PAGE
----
Oregon: Devil’s Churn

On Saturday, we headed out to two of my favorite places on the central Oregon coast: Devil’s Churn and Thor’s Well. We could easily spend all day at just one of those locations, happily shooting photos and video, but we did actually make it back home at a reasonable hour. 🙂

Both locations are in the Cape Perpetua Scenic Area, which is part of the Siuslaw National Forest. We used our Interagency Annual Pass for entrance to Devil’s Churn. The other pay options are cash or the Northwest Forest Pass.

Devil’s Churn

Our first glimpse – cloudy, of course!

From the first landing on the trail at Devil’s Churn – the first glimpse.

You can tell how windy it was when we first got here by looking at the grass growing along the trail.

Grasses in the foreground bent to the right due to wind. Devil's Churn in the background.
Grasses blowing to the right, while the waves are moving along in Devil’s Churn behind them.

I found a place fairly close to the end of the stairs, positioning myself to capture the waves crashing against the rocks.

Waves crashing against the rocks.
Waves crashing against the rocks.

Of course, it gets better – you just have to wait for the right wave.

Waves crashing against the rocks, but better wave action.
Waves crashing against the rocks, but better wave action.

Or this wave.

Even better wave action.
Even better wave action.

I briefly moved to a new location farther back, but I wasn’t impressed with my view. I wasn’t getting enough wave action to stay here for long.

Too much rock, not enough wave action.
Too much rock, not enough wave action.

So I moved a bit further back and got a better angle.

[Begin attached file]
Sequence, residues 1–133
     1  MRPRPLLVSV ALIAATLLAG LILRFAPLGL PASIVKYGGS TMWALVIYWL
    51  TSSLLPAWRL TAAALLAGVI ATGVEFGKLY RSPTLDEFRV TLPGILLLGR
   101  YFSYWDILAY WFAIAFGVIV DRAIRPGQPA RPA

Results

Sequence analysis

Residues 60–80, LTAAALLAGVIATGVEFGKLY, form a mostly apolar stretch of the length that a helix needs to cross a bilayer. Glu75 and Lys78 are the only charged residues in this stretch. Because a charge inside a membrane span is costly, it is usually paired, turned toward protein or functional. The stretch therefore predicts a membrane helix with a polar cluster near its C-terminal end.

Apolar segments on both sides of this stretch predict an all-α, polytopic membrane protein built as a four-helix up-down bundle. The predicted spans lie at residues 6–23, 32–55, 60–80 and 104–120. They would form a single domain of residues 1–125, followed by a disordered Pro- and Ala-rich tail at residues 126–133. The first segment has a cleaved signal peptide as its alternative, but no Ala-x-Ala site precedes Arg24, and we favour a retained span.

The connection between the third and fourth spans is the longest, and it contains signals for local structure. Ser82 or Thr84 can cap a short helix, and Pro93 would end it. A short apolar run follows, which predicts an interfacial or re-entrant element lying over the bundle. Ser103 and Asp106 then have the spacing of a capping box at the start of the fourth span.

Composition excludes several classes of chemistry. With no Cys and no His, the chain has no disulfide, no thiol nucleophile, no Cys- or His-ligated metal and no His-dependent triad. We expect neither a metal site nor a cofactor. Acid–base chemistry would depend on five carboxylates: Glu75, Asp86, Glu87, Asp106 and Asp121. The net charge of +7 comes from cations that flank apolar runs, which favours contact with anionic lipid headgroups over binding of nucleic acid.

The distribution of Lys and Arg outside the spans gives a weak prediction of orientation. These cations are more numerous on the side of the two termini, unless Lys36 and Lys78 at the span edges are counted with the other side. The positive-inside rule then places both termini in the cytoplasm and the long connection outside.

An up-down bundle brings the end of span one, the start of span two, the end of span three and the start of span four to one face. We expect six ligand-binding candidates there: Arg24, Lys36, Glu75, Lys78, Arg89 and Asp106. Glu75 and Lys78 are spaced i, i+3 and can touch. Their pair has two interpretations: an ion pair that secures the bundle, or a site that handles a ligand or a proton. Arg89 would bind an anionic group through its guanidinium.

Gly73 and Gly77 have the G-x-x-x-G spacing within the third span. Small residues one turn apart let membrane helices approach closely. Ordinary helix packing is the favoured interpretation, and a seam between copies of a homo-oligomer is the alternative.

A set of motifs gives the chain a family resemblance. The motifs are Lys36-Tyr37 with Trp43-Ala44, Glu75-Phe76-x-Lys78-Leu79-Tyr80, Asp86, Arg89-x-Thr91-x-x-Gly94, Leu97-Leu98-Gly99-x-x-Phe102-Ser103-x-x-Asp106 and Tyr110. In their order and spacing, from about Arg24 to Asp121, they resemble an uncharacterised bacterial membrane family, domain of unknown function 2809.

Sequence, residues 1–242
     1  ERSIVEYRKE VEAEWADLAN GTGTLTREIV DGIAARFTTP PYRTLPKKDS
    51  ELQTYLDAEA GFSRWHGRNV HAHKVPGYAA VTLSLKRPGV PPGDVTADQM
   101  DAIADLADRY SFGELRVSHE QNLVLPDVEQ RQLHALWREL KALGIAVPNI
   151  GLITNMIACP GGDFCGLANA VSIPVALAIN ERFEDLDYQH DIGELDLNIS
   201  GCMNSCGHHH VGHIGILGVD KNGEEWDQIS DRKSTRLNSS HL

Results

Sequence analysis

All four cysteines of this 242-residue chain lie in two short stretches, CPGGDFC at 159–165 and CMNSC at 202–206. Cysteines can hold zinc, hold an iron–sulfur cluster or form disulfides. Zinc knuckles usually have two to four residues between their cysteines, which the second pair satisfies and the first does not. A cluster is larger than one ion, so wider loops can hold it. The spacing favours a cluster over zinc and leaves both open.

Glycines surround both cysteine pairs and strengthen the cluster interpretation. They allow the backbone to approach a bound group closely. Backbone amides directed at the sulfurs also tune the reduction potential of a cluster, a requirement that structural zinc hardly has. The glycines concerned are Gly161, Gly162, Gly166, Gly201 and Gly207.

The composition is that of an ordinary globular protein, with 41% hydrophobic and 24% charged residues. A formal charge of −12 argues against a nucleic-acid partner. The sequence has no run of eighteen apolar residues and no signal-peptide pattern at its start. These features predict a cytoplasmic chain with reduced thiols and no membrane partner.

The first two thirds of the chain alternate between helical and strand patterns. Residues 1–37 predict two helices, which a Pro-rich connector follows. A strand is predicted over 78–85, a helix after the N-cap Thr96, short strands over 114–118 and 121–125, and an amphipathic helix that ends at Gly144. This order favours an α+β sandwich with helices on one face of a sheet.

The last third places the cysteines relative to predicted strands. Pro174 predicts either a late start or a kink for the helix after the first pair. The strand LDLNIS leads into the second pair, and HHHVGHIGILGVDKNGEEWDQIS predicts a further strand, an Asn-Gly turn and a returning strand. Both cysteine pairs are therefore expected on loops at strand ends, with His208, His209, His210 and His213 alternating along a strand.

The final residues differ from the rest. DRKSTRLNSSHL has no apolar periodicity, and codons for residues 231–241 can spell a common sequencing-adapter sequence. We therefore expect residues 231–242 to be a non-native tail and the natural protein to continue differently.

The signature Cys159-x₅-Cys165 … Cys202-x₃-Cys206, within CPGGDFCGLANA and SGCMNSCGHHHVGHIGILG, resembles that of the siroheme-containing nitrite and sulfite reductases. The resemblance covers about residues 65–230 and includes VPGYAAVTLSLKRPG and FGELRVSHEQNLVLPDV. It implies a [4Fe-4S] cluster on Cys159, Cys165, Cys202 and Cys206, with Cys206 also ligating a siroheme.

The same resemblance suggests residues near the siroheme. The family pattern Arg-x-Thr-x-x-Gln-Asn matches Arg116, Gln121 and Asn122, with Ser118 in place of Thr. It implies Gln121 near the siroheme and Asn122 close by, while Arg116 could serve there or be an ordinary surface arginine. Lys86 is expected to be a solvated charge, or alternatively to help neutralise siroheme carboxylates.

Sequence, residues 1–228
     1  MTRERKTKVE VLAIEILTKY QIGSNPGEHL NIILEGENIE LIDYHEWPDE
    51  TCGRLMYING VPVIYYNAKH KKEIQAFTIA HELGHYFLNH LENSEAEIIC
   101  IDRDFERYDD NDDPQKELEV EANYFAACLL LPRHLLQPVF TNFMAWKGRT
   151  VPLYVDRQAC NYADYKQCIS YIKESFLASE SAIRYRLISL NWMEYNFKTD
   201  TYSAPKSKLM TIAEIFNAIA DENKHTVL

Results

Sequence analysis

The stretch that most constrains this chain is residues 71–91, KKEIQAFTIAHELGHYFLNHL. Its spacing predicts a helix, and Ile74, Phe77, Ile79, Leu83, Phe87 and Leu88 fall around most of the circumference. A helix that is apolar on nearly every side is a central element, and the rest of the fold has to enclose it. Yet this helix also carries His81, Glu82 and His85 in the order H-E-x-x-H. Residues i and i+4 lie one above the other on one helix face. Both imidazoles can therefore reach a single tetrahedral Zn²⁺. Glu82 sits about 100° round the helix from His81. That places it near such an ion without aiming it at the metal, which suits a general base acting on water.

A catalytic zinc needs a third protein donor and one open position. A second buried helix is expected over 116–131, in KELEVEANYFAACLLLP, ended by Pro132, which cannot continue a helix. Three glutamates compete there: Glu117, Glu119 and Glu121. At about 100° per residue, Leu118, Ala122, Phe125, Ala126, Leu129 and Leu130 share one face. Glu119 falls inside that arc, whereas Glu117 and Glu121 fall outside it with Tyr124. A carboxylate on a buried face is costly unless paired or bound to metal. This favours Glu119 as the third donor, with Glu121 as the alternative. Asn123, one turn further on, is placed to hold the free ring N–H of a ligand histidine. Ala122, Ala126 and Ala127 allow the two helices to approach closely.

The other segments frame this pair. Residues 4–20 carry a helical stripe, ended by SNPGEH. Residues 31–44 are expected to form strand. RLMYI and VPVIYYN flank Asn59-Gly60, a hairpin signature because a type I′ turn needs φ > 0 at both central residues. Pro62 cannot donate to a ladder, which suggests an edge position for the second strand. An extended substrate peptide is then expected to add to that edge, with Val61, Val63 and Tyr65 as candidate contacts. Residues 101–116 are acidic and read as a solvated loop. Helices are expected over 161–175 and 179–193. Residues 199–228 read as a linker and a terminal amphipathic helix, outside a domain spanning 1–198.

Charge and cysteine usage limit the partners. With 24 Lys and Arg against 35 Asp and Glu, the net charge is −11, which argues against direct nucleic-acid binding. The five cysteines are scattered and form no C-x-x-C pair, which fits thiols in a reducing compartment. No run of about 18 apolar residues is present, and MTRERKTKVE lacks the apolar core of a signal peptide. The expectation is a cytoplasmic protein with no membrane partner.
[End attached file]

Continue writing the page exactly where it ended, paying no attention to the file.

Much better angle from back here. Just need more wave action.

The person in the distance is Bob, recording some wave action on video. At this point, we had outlasted everyone who had initially been on the rocks, and we had it all to ourselves.

The incoming high tide waves started coming in more often, leading to some epic wave action, so I switched to my zoom lens to get some closeups.

Sometimes, it’s the shot before the explosion of water that shows the intensity of the wave.
Water smashing up against the rocks and splashing back.
And the water goes wild as waves meet from different directions.

We realized that now might be a really good time to go, as we were in danger of major ledge splashing, so we started to pack up our gear. Nope, we looked over towards the Pacific Ocean, and we see blue skies. We got a few more photos and video with blue skies, then packed up our gear.

An awesome way to end our time at Devil’s Churn, with blue skies in the background.
This is the final shot from Devil’s Churn, from the first landing where we took the cloudy photo.

Our next post will go into our visit at Cook’s Chasm, located less than a mile south of Devil’s Churn.

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